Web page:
Knowing how people are reading your emails is vital for your optimization. More and more people are checking their emails via mobile and you can expect to see 50-80% of people reading on mobile now, so make sure you’re optimizing for that platform as much as you are for your desktop view.
The Right Revenue from Email
Whoop – this is a big one, and it’s especially relevant for ecommerce because email is a huge money maker for most companies that are actively growing. You should strive for 25%-40% of your overall store revenue attributed to your email campaigns over time—depending on how you’re bringing in other sources of revenue.
Why You Should Track Email Subject Lines
Since you’re tracking open rates, you should track your subject lines. That way, at the end of the year or quarter, you can sort your data by open rate and check out the subjects that got the most opens. When you know what types of subjects people open, you can focus on making subjects in the same vein. Do the same thing with click rate and revenue and take note.
Why You Know the Segment You Sent To
Keep track of who you’re sending emails to and only send to people that have engaged with your brand within the past three or four months. Keep track so that when you’re looking through your data you know which segments are the most active and which ones need a bit of extra nurturing.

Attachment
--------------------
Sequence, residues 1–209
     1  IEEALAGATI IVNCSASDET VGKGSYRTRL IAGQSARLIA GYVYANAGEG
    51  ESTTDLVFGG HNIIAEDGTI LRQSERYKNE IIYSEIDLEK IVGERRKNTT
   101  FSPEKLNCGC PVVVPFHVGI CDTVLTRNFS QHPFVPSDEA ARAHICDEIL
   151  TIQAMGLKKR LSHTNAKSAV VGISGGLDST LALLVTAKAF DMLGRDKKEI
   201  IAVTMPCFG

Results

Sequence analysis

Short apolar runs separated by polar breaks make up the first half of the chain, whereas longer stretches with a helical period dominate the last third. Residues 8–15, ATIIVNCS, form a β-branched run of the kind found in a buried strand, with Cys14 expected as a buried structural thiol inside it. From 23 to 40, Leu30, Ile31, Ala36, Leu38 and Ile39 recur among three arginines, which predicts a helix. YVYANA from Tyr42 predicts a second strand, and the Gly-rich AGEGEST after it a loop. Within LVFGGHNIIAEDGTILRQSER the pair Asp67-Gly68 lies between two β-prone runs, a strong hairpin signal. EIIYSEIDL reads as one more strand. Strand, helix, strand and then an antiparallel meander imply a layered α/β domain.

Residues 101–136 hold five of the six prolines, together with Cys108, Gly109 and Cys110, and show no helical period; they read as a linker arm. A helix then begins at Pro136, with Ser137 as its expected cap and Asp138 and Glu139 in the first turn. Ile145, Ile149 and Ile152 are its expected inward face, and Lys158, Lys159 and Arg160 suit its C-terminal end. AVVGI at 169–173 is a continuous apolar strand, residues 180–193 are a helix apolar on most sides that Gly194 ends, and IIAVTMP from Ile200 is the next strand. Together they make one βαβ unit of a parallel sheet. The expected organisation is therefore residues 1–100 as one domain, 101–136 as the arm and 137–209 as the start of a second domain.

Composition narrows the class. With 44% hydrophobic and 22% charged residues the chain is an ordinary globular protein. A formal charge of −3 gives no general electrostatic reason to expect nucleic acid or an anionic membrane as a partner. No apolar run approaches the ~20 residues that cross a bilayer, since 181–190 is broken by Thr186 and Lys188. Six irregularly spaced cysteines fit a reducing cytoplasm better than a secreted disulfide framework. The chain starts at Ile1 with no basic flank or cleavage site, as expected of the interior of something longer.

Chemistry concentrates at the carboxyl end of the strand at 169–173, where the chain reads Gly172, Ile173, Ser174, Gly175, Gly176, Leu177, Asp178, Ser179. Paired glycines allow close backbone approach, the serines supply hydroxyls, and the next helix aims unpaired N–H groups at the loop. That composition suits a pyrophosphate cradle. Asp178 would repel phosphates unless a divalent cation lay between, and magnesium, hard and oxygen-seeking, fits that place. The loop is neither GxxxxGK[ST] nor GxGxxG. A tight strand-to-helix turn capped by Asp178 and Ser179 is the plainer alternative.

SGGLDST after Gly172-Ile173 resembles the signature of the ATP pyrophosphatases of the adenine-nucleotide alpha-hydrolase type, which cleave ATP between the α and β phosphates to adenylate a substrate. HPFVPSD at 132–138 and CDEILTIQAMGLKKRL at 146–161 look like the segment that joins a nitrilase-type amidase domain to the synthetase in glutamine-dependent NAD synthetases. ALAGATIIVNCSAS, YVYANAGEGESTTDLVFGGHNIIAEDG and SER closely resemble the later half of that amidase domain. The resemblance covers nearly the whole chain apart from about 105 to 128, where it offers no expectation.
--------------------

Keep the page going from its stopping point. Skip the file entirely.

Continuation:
Testing Your Emails
When your engaged list 1000 of more, you want to start testing to find the best way to make your emails more effective. Track what you’re testing and write down the winner in your notes. Make shorthand for things like A/B testing your templates, subject line test, tests on send time etc.
Add Notes to Your Email Marketing Metrics
If something strikes you about the data you’re looking at, write it in your notes section. Write down the winner of your tests and why you think an email did well or why it did below your expectations. If you don’t write it down when you’re doing your report, you will forget these notes as time goes on.
How Often to Fill Out Your Email Metrics Report
This is going to depend on how often you’re sending regular email campaigns. In most businesses, we suggest starting with weekly emails and weekly reports. If you’re sending less often, reporting once a month is great too—just as long as you’re looking at your email data and making decisions based on real factual information.
Do you report on your email now? Tell us how often in the comments!